Budget plan would raise the bar for Cal Grant financial aid
Were it not for the financial aid that helps cover the cost of his tuition, it is unlikely that Devonte Jackson would be able to attend UC Berkeley.
The political science major has two campus jobs, but his $12,000 state-paid Cal Grant is the glue that holds his education dreams together. Tuition, books, housing and other fees top $31,000 annually.
But Cal Grants could become much harder to obtain for new students under restrictions proposed by Gov. Jerry Brown as part of his 2012-13 budget. One of the most contentious of them would increase the minimum grade point average needed to qualify for the two types of awards, which are merit- and income-based and are a key part of the financial aid package for many low- and middle-income students.
Cal Grant “A” currently covers tuition up to $5,472 at Cal State universities, up to $12,192 at the University of California and up to $9,708 toward tuition and fees at private colleges. Cal Grant “B,” for students with lower incomes, provides $1,551 for books, living expenses and tuition assistance, typically for students attending community colleges.
Brown is proposing to increase the minimum GPA requirement for Cal Grant “A” recipients from 3.0 to 3.25 and for Cal Grant “B” from 2.0 to 2.75. The requirements for community college transfers to qualify for the grants would jump from 2.4 to 2.75.
Brown is also proposing to lower the award amount for students attending private, nonprofit schools to the CSU level, which critics say could dramatically reduce opportunities for low-income students who are accepted to private schools such as USC. If more of these students opted instead for public schools, state expenses could increase because California would pay more to subsidize them.
About 26,600 prospective UC, Cal State and community college students would be affected by the changes in grade point averages in the 2012-13 academic year. Since the deadline for financial aid applications is March 2 and the state budget is unlikely to be finalized before summer, many students could be awarded provisional grants, only to have them canceled. Many students could still qualify for federal aid.
Brown’s budget faces revision in the spring, but at Garfield High School in East Los Angeles, educators are concerned for the 600 seniors expected to graduate.
“The majority of our kids are on the cusp of 3.0 or 2.7,” said acting head counselor Carlo Marquez. “Where are they going to get the money? Many are going to have to work, and the pattern is once they start working, they’re offered more hours and they forget about school. It’s tough at a time when we’re trying to get them to see the big picture and continue their education.”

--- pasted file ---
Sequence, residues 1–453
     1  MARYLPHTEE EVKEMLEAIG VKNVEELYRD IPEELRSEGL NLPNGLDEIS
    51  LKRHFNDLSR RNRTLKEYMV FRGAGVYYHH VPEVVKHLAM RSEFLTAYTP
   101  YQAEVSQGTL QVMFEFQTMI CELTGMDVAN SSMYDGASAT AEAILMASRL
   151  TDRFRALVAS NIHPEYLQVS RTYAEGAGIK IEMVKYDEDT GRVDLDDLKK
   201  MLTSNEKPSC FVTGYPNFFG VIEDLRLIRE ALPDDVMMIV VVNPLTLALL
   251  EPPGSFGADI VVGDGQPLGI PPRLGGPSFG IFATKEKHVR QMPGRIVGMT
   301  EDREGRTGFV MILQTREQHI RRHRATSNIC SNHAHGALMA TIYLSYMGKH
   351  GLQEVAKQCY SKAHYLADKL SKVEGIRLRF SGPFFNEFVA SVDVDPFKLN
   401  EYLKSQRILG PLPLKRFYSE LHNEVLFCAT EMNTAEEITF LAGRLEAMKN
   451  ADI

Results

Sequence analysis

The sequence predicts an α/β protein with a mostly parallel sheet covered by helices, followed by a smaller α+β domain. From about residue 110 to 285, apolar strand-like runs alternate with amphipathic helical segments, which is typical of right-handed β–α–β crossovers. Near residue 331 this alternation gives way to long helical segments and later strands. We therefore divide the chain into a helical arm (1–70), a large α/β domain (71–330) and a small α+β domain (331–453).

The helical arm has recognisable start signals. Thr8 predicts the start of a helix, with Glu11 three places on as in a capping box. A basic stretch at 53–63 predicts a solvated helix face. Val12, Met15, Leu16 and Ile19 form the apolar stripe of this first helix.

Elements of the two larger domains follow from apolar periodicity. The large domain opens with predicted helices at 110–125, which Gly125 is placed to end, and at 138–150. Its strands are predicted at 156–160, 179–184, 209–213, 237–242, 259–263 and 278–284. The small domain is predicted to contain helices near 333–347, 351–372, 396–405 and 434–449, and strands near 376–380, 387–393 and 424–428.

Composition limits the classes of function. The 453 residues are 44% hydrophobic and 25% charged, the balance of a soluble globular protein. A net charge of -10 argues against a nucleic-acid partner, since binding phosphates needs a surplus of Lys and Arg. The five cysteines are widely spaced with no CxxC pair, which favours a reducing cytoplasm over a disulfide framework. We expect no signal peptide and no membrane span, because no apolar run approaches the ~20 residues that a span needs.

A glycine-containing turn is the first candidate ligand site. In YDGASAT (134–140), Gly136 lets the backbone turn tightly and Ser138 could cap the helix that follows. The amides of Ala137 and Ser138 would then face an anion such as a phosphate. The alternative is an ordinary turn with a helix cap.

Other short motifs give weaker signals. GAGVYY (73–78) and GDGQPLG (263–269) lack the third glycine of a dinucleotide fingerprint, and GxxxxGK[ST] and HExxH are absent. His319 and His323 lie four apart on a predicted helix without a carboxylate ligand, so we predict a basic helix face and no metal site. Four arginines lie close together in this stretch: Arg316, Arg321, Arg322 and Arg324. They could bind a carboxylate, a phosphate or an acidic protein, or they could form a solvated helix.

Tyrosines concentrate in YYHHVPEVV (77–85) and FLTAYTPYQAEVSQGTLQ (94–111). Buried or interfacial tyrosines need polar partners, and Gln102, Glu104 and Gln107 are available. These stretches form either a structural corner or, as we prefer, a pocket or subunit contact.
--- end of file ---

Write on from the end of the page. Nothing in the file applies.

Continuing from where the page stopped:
The governor argues that in a climate of fiscal constraints, financial aid should go to students most likely to complete their degrees — those with higher grades.
Participation in the Cal Grant program and its costs have increased dramatically, from 177,000 students and $688 million in 2004 to an estimated 256,000 students and $1.6 billion in the coming fiscal year, according to state figures. Increasing the GPA requirements would save an estimated $131 million.
“Policy decisions are always going to be intertwined with the budget, and in this area the administration believes that raising the bar for Cal Grants is a good choice from a fiscal and policy perspective,” said H.D. Palmer, spokesman for the state Department of Finance.
The Legislative Analyst’s Office last week said that raising the GPA for Cal Grant “B” recipients might be warranted, but noted that raising the bar above 3.0 for others could affect large numbers of academically well-qualified students with low incomes.
This is not the first time the Cal Grant program has come under the budget knife. Opponents defeated several efforts by former Gov. Arnold Schwarzenegger to cut the program, said Diana Fuentes-Michel, director of the California Student Aid Commission, which oversees financial aid programs.
Cal State officials estimate that nearly 6,000 entering students and $36 million in financial aid could be affected. Most of these students would qualify for the university’s grant program, which is funded by revenues from tuition increases.
“It puts an added strain on our institutional program, where we already have more eligible students than we can fund,” said Dean Kulju, director of financial aid for Cal State.
UC officials estimate that 250 students would lose their grants next year, with a total loss of $20 million in financial aid. UC requires that all students who receive financial aid contribute up $9,400 through a combination of work and loans.
Officials said that university funds would be used to “backfill” the drop in Cal Grants but that the work/loan amount would increase.
Community college officials said they had not yet determined the impact, although many two-year students obtain the lower-level grant awards that are most likely to be affected.
Jackson, at UC Berkeley, said the proposed changes are a hot topic on students’ Facebook pages. It is unfortunate, he said, that some worthy students may miss the cut.
“These requirements will have a crippling affect on minority students who are already struggling to overcome an achievement gap,” he said.